Separate is Never Equal: Sylvia Mendez and Her Family’s Fight for Desegregation
by Duncan Tonatiuh
In 1943, Sylvia Mendez, her two brothers, and three cousins all go to the local 17th Street Elementary School to register. Sylvia’s light-skinned cousins are accepted, and she and her brothers are told they’ll need to enroll at the inferior Mexican school, father from their home. Sylvia’s parents aren’t having it, and push back, filing file suit, undertaking multiple appeals, and ultimately prevailing. Tonatiuh’s account details the family’s many struggles, from the complexities of the legal process to the personal attacks Sylvia experiences. After rigorous research, and interviews with Sylvia herself, Tonatiuh delivers a story that is both compelling and inspiring. And his archetypal artwork, with its Pre-Columbian influences, connects the contemporary fight with its formidable ancestry. The strong lines, simplified postures, and fixed profiles convey the family’s resolute determination; theirs is a victory that comes from strength, and a strength that comes from family.
When I Was the Greatest
by Jason Reynolds
This funny, gritty, tender story follows three young men growing up in Bed-Stuy, navigating the pressures and tensions that would pull them up or drag them under as they make their way to manhood. There’s Ali, bright, respectful and curious; Noodles, tight, irascible, and full of bravado; and his brother Needles, sweet, fragile, and genius. Needles struggles with Tourette’s, a syndrome his neighborhood doesn’t really understand, and finds solace in knitting (Ali’s mother’s very good idea), something else not everybody gets. Ali and Noodles have his back, until one night, at a house party, all hell breaks loose, and everything breaks apart.
There is so much to love here. The crisp writing crackles with wit and rings with authenticity. The exploration of maleness, and the ways in which young men are called to define themselves, is bare and nuanced. Every single character lives and breathes in three dimensions. But for our playing card purposes, it is these boys’ inextricable relationship that beats at this marvelous novel’s heart. Theirs is a special bond, and no matter what comes at them, they belong to one another.
For those looking for an especially immersive and gratifying experience, I recommend Random House Audio’s extraordinary audiobook recording, narrated by J.B. Adkins.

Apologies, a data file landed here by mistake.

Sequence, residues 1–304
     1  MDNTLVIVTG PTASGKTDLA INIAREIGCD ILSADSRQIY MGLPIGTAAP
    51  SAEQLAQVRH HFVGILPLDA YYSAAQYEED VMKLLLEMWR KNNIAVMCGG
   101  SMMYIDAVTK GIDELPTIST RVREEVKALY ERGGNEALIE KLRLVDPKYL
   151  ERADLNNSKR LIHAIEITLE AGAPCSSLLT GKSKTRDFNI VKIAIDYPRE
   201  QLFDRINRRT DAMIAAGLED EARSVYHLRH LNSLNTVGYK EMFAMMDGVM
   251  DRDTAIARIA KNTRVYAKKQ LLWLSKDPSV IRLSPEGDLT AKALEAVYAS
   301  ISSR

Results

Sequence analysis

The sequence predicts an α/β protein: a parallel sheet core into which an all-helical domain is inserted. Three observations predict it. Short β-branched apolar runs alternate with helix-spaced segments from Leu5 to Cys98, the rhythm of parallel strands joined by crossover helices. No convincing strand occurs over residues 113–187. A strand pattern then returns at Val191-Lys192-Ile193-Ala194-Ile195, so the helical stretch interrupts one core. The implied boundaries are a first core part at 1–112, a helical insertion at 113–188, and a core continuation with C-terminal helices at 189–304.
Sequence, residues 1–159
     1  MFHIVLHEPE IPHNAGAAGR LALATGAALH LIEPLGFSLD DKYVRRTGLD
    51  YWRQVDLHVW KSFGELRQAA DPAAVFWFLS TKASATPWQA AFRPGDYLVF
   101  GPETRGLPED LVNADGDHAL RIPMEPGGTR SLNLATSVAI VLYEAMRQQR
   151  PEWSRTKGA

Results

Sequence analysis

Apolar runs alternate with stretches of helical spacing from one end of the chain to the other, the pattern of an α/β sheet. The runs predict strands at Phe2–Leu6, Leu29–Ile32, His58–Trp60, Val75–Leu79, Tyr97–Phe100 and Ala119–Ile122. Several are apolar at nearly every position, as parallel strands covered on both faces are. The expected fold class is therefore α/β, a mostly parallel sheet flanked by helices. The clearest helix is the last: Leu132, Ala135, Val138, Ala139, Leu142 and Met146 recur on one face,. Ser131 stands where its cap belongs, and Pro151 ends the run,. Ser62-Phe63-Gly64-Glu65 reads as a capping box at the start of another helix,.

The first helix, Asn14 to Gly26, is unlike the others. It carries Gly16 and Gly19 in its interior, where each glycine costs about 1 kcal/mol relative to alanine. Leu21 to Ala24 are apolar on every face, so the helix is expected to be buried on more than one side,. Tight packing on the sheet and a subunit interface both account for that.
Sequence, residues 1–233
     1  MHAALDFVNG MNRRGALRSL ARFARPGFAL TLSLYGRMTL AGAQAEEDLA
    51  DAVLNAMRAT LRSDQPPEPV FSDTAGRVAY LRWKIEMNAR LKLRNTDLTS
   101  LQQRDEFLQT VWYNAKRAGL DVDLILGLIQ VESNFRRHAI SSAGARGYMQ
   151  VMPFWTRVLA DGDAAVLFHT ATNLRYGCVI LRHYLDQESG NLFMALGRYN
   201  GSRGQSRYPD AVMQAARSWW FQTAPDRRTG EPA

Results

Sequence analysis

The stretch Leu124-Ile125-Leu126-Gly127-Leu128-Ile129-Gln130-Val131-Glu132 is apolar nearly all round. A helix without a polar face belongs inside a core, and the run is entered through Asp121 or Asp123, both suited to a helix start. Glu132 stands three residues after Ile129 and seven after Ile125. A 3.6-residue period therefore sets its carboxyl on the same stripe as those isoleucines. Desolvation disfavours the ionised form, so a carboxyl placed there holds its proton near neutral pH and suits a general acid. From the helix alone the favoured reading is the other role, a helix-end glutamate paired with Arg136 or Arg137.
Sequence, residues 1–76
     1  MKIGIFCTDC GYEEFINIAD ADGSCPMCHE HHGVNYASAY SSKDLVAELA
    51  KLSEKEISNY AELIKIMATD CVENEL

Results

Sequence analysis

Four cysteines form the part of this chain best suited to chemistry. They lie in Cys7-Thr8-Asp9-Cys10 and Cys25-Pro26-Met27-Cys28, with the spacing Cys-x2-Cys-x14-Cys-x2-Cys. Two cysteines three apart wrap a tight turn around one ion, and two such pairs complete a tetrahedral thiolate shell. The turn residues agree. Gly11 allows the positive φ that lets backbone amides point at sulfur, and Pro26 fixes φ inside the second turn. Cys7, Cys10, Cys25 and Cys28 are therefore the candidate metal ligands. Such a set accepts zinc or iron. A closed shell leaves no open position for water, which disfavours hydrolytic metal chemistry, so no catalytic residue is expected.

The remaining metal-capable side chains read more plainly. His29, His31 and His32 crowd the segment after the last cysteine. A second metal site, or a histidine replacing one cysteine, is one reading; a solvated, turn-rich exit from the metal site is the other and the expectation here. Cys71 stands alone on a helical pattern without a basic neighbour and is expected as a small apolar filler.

Born in the Wild: Baby Mammals and Their Parents
by Lita Judge
Roaring Brook Press, 2014
This bright, instructive exploration of different mammal families offers lots of concrete information about what mammal babies need and how mammal parents meet those needs. Sections feature a brief identification of a particular need on a single spread, followed by a few pages with specific examples of different species attention to it. The text is full of fascinating explicatory zoological detail about everything from food to shelter. But the star of this charming outing is Judge’s open, inviting portraiture that finds a perfect balance of natural authenticity and friendly accessibility. The informative text provides the facts and figures, delineating our common place in the natural world, and the warm, soulful imagery makes good on that promise, allowing the reader to feel the connection as well as understand it. In a world where growing up can feel like a daunting endeavor, how comforting it is to know that we’re all in it together.
The Thing About Luck
by Cynthia Kadohata, with illustrations by Julia Kuo
I am a huge fan of Cynthia Kadohata’s work. Huge. I was on the committee that selected Kira-Kira, her first book for children, as the 2005 Newbery Medal winner, and I have loved every subsequent book. There is a quiet, raw honesty that runs through her writing, a transparency of language that sneaks up on you and, out of events that seem mundane, delivers something exquisite and profound. It’s like magic.
The Thing About Luck tells the story of a Japanese American farming family toiling amidst a flurry of bad luck. Sunny’s parents have been called away to Japan on emergency family business, leaving Sunny and her little brother Jaz in the care of her grandparents Obaachan and Jiichan, saddled with the back-breaking work of itinerant, contract wheat harvesting. Kadohata paints the circumstances in vivid, albeit plainspoken detail: Sunny’s fear of mosquitoes (she had malaria once); Jaz’s difficulty connecting; Obaachan’s strict, traditional ways; Jiichan’s tireless effort; and an impossibly thorough explanation farm machinery. And somehow, in the spaces between these definitions and explanations, she offers a tender, immediate, indelible portrait of family that is as touching as it is unique. These are people who love one another deeply, and Kadohata’s ability to show us that love, in the conflicts and struggles that would threaten it, is simply staggering.